Quality Assurance

The development of quality assurance (QA) systems for pharmacy education varies greatly among countries. Many countries have their own QA system and standards for pharmacy education that reflect contemporary pharmacy practice and education and meet the specific needs of the country. However the principles and core elements for QA of pharmacy education are unlikely to differ significantly, if at all, from country to country. There was broad recognition by stakeholders contributing to the FIP International Forum for Quality Assurance of Pharmacy Education (2001-2008) that countries seeking to establish or improve their QA system would benefit from an internationally developed and adopted QA framework.

The objectives of the Forum were to: (1) to promote excellence in pharmacy education; (2) provide an international forum for information exchange, collaboration, and cooperation; and (3) facilitate and promote communication among stakeholders. More than 260 people from approximately 60 countries representing international and regional pharmacy associations were “members” of the network. The Forum has now evolved into the Taskforce's QA Community of Practice and through various workgroups is developing policy guidance and tools for QA.

With the input from diverse experts, a “global framework” for QA has been developed iteratively and was formally adopted by FIP and launched at the FIP Congress in Basel, Switzerland, September 2008.12 A QA self-assessment tool for institutions is currently being developed and piloted in collaboration with WHO; the School of Pharmacy, Kwame Nkrumah University of Science & Technology, Ghana; and the Department of Pharmacy, University of Zambia.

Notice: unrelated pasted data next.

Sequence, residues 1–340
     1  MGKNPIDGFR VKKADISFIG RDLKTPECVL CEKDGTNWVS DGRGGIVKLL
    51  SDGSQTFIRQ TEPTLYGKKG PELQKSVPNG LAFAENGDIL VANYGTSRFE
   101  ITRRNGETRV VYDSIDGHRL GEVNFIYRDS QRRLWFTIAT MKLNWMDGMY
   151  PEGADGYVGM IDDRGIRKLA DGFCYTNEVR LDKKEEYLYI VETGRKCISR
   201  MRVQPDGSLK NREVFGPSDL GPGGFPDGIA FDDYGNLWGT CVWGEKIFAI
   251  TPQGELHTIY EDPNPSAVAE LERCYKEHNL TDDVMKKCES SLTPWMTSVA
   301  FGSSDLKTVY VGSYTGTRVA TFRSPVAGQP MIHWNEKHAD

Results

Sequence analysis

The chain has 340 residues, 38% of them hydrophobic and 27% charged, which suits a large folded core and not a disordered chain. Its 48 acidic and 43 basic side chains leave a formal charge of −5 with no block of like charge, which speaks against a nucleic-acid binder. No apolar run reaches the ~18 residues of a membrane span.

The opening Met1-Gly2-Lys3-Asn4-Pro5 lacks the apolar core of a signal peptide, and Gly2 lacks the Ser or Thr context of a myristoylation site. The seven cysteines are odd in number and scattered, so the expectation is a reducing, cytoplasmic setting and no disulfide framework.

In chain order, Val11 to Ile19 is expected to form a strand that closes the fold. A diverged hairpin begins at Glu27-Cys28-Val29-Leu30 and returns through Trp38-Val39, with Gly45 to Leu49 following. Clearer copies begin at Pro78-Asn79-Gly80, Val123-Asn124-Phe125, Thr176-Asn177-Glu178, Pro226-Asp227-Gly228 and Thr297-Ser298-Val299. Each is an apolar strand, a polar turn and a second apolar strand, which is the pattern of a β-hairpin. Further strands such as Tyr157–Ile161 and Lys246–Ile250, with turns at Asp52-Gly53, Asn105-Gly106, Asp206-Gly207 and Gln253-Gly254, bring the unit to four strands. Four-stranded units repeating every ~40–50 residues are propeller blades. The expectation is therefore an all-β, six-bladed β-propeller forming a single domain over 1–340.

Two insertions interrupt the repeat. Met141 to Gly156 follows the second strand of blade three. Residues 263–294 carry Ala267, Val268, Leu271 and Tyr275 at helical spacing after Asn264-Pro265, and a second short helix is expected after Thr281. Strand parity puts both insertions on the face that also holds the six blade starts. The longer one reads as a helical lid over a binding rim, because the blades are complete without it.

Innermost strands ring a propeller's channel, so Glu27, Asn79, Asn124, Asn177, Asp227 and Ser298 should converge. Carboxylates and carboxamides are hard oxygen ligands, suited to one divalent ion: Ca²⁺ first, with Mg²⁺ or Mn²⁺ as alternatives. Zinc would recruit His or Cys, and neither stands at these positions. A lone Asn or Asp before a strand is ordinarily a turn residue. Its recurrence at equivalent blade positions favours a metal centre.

Academic and Institution Capacity

Given the expansion of the pharmacy workforce in recent years, there has been an increased demand for the academic faculty workforce. Many of the issues highlighted by the International Campaign to Revitalise Academic Medicine13 also apply to academic pharmacy. There are considerable disincentives towards careers in academia including lack of pay parity with practicing colleagues, absence of clear career pathways, particularly for clinical teachers, and a culture that is, even in low income countries, centred around publications in peer-reviewed journals and attainment of research grants.13 Further research and review of strategies to build academic workforce capacity is warranted. One key barrier to academic faculty workforce retention and quality needs-based education, particularly in developing countries, is poor physical institutional infrastructure where basic facilities as well as learning and teaching resources may be insufficient or not even exist. A Project Team is leading the development of recommendations for academic workforce capacity and institutional infrastructure development.